While this piece is only 46 seconds long, that is its only shortcoming. I would love to hear a more extended composition of Ives based on Whitman's poetry.

Then there is Ralph Vaughan Williams. Here is a composer who apparently loved Whitman. He used Whitman's works as a basis for his First Symphony, "The Sea" and "Toward the Unknown Region". It is interesting that this English composer seems to so deeply understand the poetry of Walt Whitman. Like the other good pieces in here, the music flows from the rhythm inherent in the language. His song here is based upon, a Clear Midnight:

This is thy hour, O soul, thy free flight into the wordless…

Some of the music in here is not as successful as others. I've mentioned Rorem, and there are other pieces that sound too much like salon music. The sound is excellent, balance between the soloists is perfect. This is a fine disc full of fine music and I strongly recommend it. Whitman's best work is "Song of Myself" and Hampson closes the disc with the closing lines of that great poem:

I bequeath myself to the dirt to grow from the grass I love, If you want me again look under your boot-soles.

You will hardly know who I am or what I mean, But I shall be good health to you nevertheless, And filter and fibre your blood.

Failing to fetch me at first keep encouraged, Missing me on place search another, I stop somewhere waiting for you.

I have placed the listing of contents at the end of this review on purpose. As is becoming my want, I offer a couple post scripts at the end of this list. I do not encourage you to read them, they are more like after-thoughts and are obtusely related to this disc. That is, they are about the insert notes.

Thomas Hampson Sings
The Poetry of Walt Whitman

One's Self I Sing Look Down Fair Moon
(Spoken) (Ned Rorem)
As Adam Early in the Morning Ethiopia Saluting the Colors
(Ned Rorem) (Henry Thacker Burleigh)
The Last Invocation Dirge for Two Veterans
(Frank Bridge) (Kurt Weill)
To the Soul I Hear It Was Charged Against Me
(Charles Villiers Stanford) (Spoken)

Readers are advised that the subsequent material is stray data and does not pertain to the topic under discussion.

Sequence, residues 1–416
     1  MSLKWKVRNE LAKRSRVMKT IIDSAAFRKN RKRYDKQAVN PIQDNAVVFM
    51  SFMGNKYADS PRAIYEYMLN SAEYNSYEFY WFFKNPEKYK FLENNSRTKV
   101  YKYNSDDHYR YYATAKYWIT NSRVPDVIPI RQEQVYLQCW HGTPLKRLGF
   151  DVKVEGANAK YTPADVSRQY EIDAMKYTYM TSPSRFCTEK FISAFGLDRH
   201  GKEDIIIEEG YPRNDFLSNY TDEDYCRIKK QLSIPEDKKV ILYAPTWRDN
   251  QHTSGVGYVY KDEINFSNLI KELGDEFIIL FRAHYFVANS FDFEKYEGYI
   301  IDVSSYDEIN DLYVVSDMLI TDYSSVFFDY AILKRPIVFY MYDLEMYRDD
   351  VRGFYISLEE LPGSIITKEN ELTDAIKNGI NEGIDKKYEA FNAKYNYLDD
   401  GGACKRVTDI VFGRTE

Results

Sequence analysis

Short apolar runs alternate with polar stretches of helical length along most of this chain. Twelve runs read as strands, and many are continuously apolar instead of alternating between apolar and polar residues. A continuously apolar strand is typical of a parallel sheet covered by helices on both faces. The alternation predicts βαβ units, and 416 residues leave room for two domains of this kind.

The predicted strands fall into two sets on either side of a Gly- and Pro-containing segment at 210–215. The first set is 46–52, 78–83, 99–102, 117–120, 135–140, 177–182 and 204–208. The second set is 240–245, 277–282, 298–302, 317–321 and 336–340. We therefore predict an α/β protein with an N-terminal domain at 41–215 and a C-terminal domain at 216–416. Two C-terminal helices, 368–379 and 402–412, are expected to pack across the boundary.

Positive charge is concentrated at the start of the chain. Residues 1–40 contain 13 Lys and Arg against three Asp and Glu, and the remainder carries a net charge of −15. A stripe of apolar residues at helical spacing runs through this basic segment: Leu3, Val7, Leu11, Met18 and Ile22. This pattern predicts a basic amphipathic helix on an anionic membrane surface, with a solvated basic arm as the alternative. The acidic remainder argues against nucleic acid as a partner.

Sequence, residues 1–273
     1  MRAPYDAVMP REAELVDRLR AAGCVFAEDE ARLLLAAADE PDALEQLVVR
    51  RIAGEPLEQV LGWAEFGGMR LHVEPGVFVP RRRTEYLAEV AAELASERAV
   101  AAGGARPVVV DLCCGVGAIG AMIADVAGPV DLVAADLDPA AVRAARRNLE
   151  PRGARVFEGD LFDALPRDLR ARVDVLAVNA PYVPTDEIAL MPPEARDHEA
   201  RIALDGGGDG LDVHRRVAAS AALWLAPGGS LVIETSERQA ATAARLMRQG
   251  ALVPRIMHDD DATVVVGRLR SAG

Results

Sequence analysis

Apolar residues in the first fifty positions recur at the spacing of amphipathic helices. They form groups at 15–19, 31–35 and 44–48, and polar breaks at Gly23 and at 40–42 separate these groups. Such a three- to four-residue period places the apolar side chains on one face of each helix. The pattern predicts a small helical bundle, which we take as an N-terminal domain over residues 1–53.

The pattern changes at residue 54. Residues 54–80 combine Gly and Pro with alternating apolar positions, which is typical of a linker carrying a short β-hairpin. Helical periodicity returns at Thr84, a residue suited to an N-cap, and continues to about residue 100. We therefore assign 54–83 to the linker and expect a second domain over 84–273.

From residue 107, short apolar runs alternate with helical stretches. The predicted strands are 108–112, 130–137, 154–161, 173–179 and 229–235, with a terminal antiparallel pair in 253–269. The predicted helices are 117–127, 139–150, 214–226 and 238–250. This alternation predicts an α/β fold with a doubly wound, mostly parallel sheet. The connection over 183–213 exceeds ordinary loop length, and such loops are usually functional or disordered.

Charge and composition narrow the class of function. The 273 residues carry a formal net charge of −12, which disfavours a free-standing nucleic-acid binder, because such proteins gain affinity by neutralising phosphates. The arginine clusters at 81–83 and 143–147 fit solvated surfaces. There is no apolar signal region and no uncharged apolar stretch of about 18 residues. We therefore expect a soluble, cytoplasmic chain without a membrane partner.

A Clear Midnight Walt Whitman
(Ralph Vaughan Williams) (Charles Ives)
Joy, Shipmate, Joy Behold This Swarthy Face
(Ralph Vaughan Williams) (Gerald Busby)
The Mystic Trumpeter We Two
(Spoken) (Elinor Remick Warren)
Prayer of Columbus Among the Multitude
(Robert Strassburg) (Craig Urquhart)
One Thought Ever at the Fore Sometimes with One I Love
(Ernst Bacon) (Ned Rorem)
As I Watch'd the Ploughman We Two Boys Together Clinging
(Philip Dalmas) (Michael Tilson Thomas)
Sing on There in the Swamp That Shadow, My Likeness
(Paul Hindemith) (Ned Rorem)
Look Down Fair Moon To What You Said
(Charles Naginski) (Leonard Bernstein)
Memories of Lincoln Song of Myself
(William H. Neidlinger) (Spoken)

Post Script: The insert notes open with:

I sing…the body electric, a song of myself, a song of joys, a song of occupations, a song of prudence, a song of the answerer, a song of the broad-axe, a song of the rolling earth, a song of the universal….

Walt Whitman caroled throughout his verse

Yes, and I have studied his delivery. He had a high pitched voice at odds with his build. He spoke with a somewhat southern drawl….about like southern Ohio here. If we want to capture the 'caroling' of his verse, perhaps we need "period voice patterns" historically informed performances. Hahahahahahaha!!!!

Post-Post Script: I just finished the insert notes. It has been awhile since I read my Whitman biographies, and the detailed information regarding the correlation between opera and Whitman had eddied away in my memory. I reread Gay Wilson Allen's definitive biography, The Solitary Singer. Now, the details in the insert notes are more focused and therefore provide more information on this particular subject. The point is, however, that Whitman did love opera and at one time said, "But for opera I would never have written Leaves of Grass". Just thought you might find that interesting.

Post-Post-Post Script: A memory: I mentioned when I was in undergraduate school I took a special studies course in Whitman. There was me and the professor, Dan Barnes, and we met in his office at OSU (or, The Farm, as we called it). There was no "text" but the best biography on the market was Gay Wilson Allen's. I could have borrowed it from the library, but hey had an irritating habit of wanting the books back. It was only available in hardback, but I had to have it. I recall the financial effort necessary to get this book. Still, I got it and paid the steep price of $10.00. Time stays still, only the relative prices change.

Copyright © 1999, Robert Stumpf II